If it's broke, can you fix it?


If it’s broke, can you fix it?

If it is the ceramic juicer that slipped from your hands and smashed into seven pieces, then it probably can't be fixed. No amount of superglue is going to stick that sucker back together again. 

You have to decide whether or not to buy a new one.

This one was a gift from One Girl to the other: ‘Just a little something to add to your home on a day when a lot is being taken away. Something just for your space.’ Used only twice before it multiplied across the kitchen floor. A utensil with significance, it had to be replaced.
If it is a dessert that does not make the grade, you take a deep breath, pat it, patch it, squish if you need to, stop it or prop it up with filing, cover it with garnish and do your best to make it presentable. You can scrape it into a bowl and call it trifle, Eton Mess, or name it after yourself and avoid judgement that way. You might even have to get in the car and go and pick up a Sara Lee. Just remember Julia Childs and never apologise.

“We ate the lunch with painful politeness and avoided discussing its taste. I made sure not to apologise for it. This was a rule of mine.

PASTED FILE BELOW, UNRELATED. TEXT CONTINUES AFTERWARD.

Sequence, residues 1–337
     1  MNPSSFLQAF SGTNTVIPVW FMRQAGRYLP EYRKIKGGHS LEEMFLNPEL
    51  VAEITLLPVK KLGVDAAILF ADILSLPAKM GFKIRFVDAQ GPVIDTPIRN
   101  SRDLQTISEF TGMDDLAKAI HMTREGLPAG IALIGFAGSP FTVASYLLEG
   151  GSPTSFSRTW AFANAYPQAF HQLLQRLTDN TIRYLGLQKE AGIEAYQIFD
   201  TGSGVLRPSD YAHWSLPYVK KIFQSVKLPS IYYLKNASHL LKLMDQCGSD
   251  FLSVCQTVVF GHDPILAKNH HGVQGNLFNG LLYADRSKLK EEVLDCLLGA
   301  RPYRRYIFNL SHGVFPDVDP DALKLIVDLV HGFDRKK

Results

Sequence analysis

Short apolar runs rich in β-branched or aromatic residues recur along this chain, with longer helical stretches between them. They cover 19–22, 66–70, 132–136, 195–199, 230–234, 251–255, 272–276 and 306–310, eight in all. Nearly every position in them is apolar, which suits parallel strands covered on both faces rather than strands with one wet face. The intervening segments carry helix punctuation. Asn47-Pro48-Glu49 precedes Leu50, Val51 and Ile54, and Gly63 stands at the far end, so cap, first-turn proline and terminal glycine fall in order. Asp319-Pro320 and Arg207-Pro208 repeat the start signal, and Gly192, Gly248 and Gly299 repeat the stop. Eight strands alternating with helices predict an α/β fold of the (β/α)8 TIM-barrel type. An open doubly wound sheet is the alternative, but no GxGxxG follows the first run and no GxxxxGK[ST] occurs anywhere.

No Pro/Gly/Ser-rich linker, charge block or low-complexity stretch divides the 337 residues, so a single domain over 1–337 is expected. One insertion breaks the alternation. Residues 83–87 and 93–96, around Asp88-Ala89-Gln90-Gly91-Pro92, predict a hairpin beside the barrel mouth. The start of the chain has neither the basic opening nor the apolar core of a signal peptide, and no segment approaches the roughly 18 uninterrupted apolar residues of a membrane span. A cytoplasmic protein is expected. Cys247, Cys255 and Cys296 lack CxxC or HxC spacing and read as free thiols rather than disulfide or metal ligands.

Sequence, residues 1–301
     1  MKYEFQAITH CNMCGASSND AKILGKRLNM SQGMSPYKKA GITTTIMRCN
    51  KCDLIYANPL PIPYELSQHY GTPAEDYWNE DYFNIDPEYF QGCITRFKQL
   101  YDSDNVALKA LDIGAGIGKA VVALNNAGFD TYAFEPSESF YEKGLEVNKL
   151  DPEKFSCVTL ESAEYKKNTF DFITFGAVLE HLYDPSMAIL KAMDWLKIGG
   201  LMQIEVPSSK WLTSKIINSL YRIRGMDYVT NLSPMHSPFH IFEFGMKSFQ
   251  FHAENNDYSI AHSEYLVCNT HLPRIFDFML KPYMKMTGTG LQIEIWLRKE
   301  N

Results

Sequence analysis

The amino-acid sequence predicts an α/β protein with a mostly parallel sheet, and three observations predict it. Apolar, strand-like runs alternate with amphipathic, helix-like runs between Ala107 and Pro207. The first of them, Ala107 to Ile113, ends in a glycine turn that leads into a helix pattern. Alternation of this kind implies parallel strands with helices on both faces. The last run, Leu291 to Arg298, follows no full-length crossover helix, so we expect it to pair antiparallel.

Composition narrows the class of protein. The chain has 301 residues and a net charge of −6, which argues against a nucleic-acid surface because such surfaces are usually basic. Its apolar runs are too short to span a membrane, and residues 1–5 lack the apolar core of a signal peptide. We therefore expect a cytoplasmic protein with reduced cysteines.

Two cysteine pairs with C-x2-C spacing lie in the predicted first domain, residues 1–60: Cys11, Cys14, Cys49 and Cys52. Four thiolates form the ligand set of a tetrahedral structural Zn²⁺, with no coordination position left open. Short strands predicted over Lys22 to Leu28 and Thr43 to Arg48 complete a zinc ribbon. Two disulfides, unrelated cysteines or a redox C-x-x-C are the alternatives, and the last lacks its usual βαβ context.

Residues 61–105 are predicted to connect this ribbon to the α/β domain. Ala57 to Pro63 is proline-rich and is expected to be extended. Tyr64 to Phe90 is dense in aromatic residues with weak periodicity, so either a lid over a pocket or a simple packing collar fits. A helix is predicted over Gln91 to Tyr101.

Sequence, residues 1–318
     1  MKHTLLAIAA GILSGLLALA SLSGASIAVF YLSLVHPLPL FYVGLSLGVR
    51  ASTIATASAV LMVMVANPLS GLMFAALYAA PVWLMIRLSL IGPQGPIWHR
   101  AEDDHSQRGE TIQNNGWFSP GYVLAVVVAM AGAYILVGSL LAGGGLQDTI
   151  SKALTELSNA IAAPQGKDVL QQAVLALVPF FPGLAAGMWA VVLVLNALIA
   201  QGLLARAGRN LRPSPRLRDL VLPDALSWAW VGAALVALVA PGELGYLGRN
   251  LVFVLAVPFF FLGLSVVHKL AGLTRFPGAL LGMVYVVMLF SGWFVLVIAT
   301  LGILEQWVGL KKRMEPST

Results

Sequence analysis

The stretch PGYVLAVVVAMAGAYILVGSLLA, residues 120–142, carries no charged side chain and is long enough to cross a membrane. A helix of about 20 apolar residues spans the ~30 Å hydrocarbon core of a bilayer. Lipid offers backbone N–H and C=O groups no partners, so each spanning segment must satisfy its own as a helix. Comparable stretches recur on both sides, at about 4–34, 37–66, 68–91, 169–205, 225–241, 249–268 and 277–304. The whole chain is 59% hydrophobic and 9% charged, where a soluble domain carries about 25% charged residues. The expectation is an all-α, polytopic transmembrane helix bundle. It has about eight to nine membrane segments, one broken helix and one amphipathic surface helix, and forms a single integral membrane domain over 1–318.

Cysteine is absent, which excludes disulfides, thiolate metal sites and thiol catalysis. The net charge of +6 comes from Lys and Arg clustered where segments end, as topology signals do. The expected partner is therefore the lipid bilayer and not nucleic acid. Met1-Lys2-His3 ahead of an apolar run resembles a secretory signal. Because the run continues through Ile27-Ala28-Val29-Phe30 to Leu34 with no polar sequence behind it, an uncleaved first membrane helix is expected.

I don't believe in twisting yourself into knots of excuses and explanations over the food you make...
Usually one's cooking is better than one thinks it is. And if the food is vile,...then the cook must simply grit her teeth and bear it with a smile- and learn from her mistakes.”
Julia Child, My Life in France

If it is a friendship, then whether or not you can fix it depends on a couple of things, you, them, and the relationship. 
Some are more easily mended that others. You might find the one you think will judge you harshest, seeks you out, surprising you instead. Accept this as a gift.

When you offer your hand and suggest a new start, a 'yes' might only be because 'no' is too hard to say. You might have thought there were deeper resources to draw but for whatever reason, they're not there. Those friendships you just have to let go of. 
Whatever you are trying to fix, regardless of how successful you are, it probably won't look like you wanted it to. A fault line might still be visible, but it is still the same earth underneath your feet.